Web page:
TECHNIQUE

Carfentanil Anaesthesia in Bears  (Disease Investigation & Management - Treatment and Care)

Summary Information
Type of technique Health & Management / Disease Investigation & Management / Techniques:
Synonyms and Keywords See also:
Description N.B. Information given in this page is to be used in conjunction with the relevant section on Bears in Treatment and Care - Anaesthesia and Chemical Restraint

Preparation for anaesthesia:

  • Whenever possible (with captive bears), the bear should be moved to a safe, quiet, well-controlled situation away from other bears. (B407.w18, D247.7.w7)
  • Avoid anaesthetising immediately after the bear has eaten, to reduce the risks associated with vomiting and regurgitation during induction, anaesthesia or recovery. (D156.w2)
    • Preferably starve for 24 hours before anaesthesia. (B407.w18)
    • Withhold water for eight hours and food for 24 hours before immobilization. (D247.7.w7)

The following is based on description of the use of carfentanil for anaesthesia of free-ranging Ursus maritimus - Polar bears. This drug may be used for immobilisation of polar bears in the wild when rapid induction is required. (J1.19.w10)

Induction of anaesthesia:
  • Carfentanil, 20 g/kg, or 3 mg/bear for most Ursus maritimus - Polar bears, up to 5 mg/bear for large males. Only 0.1 mg/bear (mean 4.5 g/kg) for cubs of the year. (J1.19.w10)
  • Load the required dose into a dart and attach a needle of an appropriate length: 4.5 cm for adults, 3 cm for cubs of the year. (J1.19.w10)
  • Deliver intramuscularly by remote injection, from a helicopter for adults; use a blowpipe for injecting cubs of the year, from the ground. (J1.19.w10)
  • Recumbency should occur in 2-12 minutes (mean 5.0 +/- 2.4 minutes). (J1.19.w10)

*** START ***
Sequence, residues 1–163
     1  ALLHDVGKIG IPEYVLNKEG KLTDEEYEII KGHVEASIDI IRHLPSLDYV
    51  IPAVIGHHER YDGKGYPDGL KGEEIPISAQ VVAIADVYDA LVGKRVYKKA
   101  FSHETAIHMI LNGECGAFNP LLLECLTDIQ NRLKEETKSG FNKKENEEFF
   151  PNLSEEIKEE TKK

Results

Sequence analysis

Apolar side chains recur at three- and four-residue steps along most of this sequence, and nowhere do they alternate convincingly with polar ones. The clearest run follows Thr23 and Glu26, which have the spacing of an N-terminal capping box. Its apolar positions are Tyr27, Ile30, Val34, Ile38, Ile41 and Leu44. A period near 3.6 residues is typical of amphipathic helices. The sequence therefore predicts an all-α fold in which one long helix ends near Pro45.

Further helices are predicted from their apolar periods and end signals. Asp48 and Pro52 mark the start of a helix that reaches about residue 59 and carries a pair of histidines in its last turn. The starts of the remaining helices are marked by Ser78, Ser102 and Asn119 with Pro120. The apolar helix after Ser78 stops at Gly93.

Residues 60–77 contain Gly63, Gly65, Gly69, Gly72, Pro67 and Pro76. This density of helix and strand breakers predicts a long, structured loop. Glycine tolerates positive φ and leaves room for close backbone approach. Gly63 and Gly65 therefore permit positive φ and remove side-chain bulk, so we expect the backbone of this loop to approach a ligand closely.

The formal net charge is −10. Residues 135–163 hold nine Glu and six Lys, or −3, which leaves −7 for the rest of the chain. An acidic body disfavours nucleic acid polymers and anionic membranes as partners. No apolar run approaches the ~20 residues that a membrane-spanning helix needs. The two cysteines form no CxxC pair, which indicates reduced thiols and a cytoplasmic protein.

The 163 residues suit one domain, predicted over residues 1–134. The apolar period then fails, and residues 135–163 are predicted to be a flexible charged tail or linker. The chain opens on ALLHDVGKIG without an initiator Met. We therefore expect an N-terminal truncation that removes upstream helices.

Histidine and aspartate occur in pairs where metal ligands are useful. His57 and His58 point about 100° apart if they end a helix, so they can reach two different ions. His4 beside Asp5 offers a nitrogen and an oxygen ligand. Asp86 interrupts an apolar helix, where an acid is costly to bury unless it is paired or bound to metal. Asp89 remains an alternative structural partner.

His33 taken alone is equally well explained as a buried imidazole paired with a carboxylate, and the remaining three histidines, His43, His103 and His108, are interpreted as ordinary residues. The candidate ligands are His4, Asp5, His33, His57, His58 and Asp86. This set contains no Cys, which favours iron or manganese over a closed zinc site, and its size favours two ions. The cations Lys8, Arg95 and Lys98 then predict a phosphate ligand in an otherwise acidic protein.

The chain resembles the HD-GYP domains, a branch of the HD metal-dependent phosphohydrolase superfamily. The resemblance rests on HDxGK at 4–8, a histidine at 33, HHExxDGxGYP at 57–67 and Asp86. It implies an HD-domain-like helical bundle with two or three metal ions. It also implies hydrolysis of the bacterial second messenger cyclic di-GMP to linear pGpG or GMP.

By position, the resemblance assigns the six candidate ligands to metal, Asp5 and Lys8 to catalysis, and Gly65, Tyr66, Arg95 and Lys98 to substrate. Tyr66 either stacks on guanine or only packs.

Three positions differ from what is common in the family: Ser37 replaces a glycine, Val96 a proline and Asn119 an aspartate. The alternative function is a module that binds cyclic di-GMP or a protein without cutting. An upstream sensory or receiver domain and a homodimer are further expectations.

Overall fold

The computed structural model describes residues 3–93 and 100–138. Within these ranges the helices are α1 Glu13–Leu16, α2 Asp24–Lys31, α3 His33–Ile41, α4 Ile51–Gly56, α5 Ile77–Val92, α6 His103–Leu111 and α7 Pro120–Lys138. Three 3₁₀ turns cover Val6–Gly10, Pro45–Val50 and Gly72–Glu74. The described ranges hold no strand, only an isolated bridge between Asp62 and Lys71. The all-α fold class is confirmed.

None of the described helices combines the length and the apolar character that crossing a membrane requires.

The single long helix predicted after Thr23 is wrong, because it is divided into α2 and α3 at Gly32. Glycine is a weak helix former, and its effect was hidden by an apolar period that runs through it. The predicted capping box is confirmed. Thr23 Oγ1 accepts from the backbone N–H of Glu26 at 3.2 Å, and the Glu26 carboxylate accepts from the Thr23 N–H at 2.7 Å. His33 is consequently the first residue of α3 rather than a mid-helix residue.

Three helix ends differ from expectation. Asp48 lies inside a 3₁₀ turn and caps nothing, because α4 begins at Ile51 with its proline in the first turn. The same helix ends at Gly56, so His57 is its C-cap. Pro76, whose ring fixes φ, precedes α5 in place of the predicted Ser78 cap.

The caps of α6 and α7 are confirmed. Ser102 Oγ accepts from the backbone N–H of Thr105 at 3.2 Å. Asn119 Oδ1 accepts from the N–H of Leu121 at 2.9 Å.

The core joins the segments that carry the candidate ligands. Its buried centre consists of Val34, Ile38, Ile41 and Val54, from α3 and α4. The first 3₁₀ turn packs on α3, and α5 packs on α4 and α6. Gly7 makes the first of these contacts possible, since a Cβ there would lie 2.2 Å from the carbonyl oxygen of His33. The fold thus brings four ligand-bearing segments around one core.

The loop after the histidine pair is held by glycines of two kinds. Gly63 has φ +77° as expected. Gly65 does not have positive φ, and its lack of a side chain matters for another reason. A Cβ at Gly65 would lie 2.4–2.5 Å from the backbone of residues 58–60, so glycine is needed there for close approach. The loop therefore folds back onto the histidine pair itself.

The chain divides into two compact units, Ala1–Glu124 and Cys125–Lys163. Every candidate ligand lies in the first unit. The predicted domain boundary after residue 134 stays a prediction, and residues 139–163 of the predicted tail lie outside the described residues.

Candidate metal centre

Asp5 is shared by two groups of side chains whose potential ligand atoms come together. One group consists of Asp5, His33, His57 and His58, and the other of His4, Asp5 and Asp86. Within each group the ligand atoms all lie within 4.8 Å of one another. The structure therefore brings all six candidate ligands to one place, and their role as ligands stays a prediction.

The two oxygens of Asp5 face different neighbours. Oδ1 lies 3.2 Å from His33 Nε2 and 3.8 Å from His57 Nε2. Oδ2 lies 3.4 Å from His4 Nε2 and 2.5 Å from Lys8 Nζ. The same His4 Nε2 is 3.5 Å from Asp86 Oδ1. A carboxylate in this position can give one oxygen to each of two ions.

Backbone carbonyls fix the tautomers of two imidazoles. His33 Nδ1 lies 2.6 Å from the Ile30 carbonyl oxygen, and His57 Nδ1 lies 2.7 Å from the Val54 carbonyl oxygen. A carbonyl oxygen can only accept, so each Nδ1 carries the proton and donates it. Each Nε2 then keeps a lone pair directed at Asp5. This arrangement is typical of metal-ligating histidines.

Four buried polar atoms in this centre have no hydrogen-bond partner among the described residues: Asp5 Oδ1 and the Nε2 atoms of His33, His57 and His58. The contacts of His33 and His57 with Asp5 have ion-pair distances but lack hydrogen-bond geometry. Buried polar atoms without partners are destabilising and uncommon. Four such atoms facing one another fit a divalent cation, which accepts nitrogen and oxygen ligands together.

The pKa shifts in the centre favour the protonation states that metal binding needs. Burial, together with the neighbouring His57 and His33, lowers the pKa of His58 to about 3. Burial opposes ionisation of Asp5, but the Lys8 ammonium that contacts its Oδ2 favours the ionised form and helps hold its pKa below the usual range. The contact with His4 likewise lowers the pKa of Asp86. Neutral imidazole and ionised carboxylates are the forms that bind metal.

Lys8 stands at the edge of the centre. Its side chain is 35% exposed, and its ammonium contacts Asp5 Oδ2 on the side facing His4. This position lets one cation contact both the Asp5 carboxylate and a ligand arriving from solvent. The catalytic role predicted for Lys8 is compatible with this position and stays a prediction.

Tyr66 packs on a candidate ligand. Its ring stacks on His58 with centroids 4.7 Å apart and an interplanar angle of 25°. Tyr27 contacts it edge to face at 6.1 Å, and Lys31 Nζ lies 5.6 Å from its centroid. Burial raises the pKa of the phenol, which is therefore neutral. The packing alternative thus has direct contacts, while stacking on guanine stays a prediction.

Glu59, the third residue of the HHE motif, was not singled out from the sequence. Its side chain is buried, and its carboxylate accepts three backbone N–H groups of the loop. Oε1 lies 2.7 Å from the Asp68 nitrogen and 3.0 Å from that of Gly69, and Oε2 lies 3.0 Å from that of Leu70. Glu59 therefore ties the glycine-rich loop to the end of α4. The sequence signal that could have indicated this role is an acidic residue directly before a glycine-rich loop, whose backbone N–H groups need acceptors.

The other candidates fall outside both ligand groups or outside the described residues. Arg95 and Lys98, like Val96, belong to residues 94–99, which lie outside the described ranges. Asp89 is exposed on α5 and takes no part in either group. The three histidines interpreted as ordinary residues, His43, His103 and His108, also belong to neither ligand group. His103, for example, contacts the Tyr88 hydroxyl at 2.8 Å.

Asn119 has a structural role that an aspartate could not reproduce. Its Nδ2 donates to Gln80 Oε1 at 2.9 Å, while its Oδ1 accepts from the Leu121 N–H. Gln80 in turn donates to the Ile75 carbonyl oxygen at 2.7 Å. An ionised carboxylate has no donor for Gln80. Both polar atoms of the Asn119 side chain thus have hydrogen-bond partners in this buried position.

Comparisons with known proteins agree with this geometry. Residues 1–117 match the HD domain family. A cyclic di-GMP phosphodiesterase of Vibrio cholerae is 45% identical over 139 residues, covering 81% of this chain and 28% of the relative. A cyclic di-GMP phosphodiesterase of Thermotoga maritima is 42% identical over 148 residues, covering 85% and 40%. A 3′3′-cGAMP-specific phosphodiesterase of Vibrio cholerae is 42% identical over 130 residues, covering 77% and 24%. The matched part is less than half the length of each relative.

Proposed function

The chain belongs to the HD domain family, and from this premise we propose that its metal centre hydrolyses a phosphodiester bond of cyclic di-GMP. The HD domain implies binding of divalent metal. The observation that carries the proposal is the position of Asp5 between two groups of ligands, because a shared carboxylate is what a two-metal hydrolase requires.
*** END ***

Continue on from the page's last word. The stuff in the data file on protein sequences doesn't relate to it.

• The bear's gait slows, it becomes ataxic, then the head and neck droop so that the nose points straight down; the stride shortens and the feet are not picked up properly. Once the head is pointing down, the bear generally stands, swaying slightly for about 30 seconds, then collapses.
    • In a very short induction, the bear may simply appear to collapse suddenly into sternal recumbency.

    (J1.19.w10)

  • If the bear's nose is pressing straight down into snow, it may be necessary to disturb the bear ("buzz" it with the helicopter) to make it lift its head. If this is unsuccessful, it is necessary to approach and quickly but cautiously pull the bear's head out to one side, then retreat. (J1.19.w10)
  • Once the bear is recumbent and in a safe position, leave it for five minutes before approaching. (J1.19.w10)
  • If the bear does not become recumbent, a further dose of carfentanil is required. This is most likely to be needed if the injection side was not optimal. Bears continue walking "in a slow stumbling manner" or may become recumbent but get up when approached by the helicopter. (J1.19.w10)
  • General anaesthetic information for bears: if the initial anaesthetic dose fails to adequately immobilise the bear, a top-up dose is required. It is important not to underdose at this stage. It is suggested that if the bear is able to sit up or move substantially, a second dose should be equal to the first dose. If the bear is recumbent but reactive to stimuli a minimum 2/3 dose should be given. Generally bears can rouse extremely quickly from an apparently deep plane of anaesthesia and great care should be taken during induction and anaesthesia. (V.w6)

(J1.19.w10)

Reversal of anaesthesia:

  • Naltrexone or naloxone, 100 mg per 1 mg carfentanil given. (B345.6.w6)